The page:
Florida A&M University: Statewide Small Farm Collaborative
With funding from the Ford College Community Challenge, Florida A&M University’s (FAMU) Statewide® Small Farm Collaborative implemented an on-farm demonstration and education model for sustainable, renewable biofuel production and energy that provided mobility and an essential alternative energy roadmap for the future. This innovative, student-led demonstration advanced a critical societal need for the development of alternative energy..
Producing biofuel from agricultural crops grown by farmers is one way to reduce the U.S. dependency on fossil fuel. The project involved students from the College of Engineering Sciences, Technology and Agriculture and the School of Architecture, as well as community stakeholders including public schools interested in green/alternative energy, local businesses, and governmental entities.
Georgia Tech: Recycled Bio-Fuel Hybrid School Buses
Students from the Georgia Institute of Technology partnered with Atlanta Public Schools (APS) to investigate recycled biofuels as a retrofit energy source for powering hybrid school buses, with the goal of reducing transportation costs, lowering greenhouse emissions, and sustaining educational services critical to the viability of the community.
For the 2009-2010 school years, APS used approximately 798,000 gallons of diesel in school buses, amounting to nearly $2.4 million in expenditures. The proposed retrofit to biofuel aimed at significantly reducing this expenditure.
Much of the biofuel was sourced, for free, in the form of recycled vegetable oil from APS kitchens, cafeterias in state offices, and donations from local restaurants. The project was carried out with multiple community-based organizations, including close coordination with APS, Green Restaurants of Atlanta (GRA) and Veggie Oil Conversions (VOC).
APS donated one of their buses for use in designing and retrofitting the recycled biofuel fuel system, which was sourced from the VOC. Local elementary students helped to paint the bus green and learned about sustainability.
Kettering University: Community Greenhouse
Kettering University students, working with a local non-profit organization, were able to offer a practical and cost-effective method of using renewable energy resources in the organization's community greenhouse. That organization, Youth Karate-Ka, a 501(c)3 martial arts organization, created the Harvesting Earth Educational Farm, where local residents learn horticulture skills in the Farm’s greenhouses.
Kettering University engineering students teamed up with Youth Karate-Ka’s Harvesting Earth Educational Farm, the City of Flint, local educators and other non-profit and governmental agencies for the innovative project.
With the Ford College Community Challenge funding, Kettering’s engineering students developed and implemented methods for better utilization of natural resources, such as solar and geothermal technology. By extending the growing season in this way, the greenhouse provides a source of sustainable employment to the residents of this financially depressed community.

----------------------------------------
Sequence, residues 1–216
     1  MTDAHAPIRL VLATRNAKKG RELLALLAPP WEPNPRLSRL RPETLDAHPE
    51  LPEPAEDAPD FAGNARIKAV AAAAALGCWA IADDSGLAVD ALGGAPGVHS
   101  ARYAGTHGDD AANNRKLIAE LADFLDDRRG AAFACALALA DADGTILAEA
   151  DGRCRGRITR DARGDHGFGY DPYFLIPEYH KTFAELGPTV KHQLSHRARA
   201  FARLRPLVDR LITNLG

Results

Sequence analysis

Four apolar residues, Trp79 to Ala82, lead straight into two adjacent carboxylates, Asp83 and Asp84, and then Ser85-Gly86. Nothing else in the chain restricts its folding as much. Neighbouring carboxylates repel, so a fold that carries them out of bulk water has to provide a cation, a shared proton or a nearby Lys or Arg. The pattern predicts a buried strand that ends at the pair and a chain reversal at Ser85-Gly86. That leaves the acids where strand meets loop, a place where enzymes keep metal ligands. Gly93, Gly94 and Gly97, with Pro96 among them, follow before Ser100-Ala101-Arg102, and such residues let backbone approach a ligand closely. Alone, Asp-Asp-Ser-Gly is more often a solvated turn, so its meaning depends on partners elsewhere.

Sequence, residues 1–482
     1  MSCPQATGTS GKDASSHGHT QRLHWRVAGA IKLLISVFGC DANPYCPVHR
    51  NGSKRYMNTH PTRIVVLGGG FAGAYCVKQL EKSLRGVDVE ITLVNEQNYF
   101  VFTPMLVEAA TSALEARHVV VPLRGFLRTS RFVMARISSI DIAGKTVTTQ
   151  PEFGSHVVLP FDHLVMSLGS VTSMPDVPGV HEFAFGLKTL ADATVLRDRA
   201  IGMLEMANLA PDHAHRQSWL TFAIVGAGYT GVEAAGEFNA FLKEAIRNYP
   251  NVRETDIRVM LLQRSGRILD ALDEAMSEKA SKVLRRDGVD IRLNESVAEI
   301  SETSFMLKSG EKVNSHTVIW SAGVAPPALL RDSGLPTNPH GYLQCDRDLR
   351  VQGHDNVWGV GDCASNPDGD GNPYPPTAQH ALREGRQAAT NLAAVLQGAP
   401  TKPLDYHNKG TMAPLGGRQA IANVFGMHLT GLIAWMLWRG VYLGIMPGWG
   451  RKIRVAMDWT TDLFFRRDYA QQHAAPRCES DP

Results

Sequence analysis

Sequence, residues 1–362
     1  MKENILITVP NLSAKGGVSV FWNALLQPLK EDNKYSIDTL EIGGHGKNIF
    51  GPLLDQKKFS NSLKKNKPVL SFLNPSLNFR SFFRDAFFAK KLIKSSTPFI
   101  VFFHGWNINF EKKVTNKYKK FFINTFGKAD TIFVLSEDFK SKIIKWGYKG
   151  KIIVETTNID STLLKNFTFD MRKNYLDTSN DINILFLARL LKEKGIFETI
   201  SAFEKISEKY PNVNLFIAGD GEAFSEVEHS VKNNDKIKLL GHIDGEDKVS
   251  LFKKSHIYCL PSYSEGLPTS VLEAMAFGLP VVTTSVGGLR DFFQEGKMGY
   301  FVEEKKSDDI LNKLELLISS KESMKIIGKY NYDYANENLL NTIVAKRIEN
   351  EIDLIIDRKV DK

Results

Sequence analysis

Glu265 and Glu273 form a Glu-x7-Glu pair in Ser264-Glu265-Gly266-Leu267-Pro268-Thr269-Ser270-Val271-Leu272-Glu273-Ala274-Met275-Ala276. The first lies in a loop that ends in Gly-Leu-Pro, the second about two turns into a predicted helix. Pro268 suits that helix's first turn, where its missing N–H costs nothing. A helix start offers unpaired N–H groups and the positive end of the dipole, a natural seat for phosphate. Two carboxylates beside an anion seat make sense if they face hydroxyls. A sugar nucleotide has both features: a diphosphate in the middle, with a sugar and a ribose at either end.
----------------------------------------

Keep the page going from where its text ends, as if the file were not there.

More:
Read: Green heat
Lawrence Technological University: Southwest Detroit, Carbon-Neutral Community
studio[Ci], a multi-disciplinary faculty/student team at Lawrence Technological University, used Ford C3 funding to partner with a Southwest Detroit community through the Southwest Detroit Development Collaborative (SDDC) to create a plan for our region’s first carbon-neutral community. Through this initiative, studio[Ci] was able to define and model the key elements of a sustainable community to inform the future urban form of southwest Detroit.
The resulting studio[Ci] plan built on existing community initiatives. The team worked closely with four established SDDC committees: Green Infrastructure, Transportation, Housing, and Economic Development. They investigated and made specific urban design recommendations on the roles that an innovative hybrid alternative energy solution, density, and community empowerment play in creating a sustainable community.
Utilizing a digital mapping interface on a Google Earth Platform and incorporating geographic information systems (GIS), relevant data and model “analysis layerings" were utilized to make specific urban design proposals for the key elements of a sustainable community. Included were energy hubs; green economy; concentrations of targeted, mixed-use density; and green infrastructure to support enhanced pedestrian mobility, mass transit, and electrical vehicle fleets (EVs).
University of Michigan Erb Institute: Community Clean Energy Program
A team of students from the Erb Institute at the University of Michigan partnered with the Clean Energy Coalition to establish self-sustaining energy-efficiency and renewable energy funding mechanisms in communities across Michigan. The student team worked to develop “revolving energy funds” in eight Michigan cities.
The work supported by the Ford C3 program allowed the cities to leverage a $4.4 million grant from the Michigan Public Service Commission as seed money, in order to create local pools of capital dedicated to investment in energy-saving municipal building retrofits. Each year, a portion of the financial savings generated by the funds’ investments will flow back into the pool.
In the process, the cities will experience a substantial decrease in their operating expenses. The pool is constantly replenished to finance additional projects (which in turn will yield additional savings, etc.).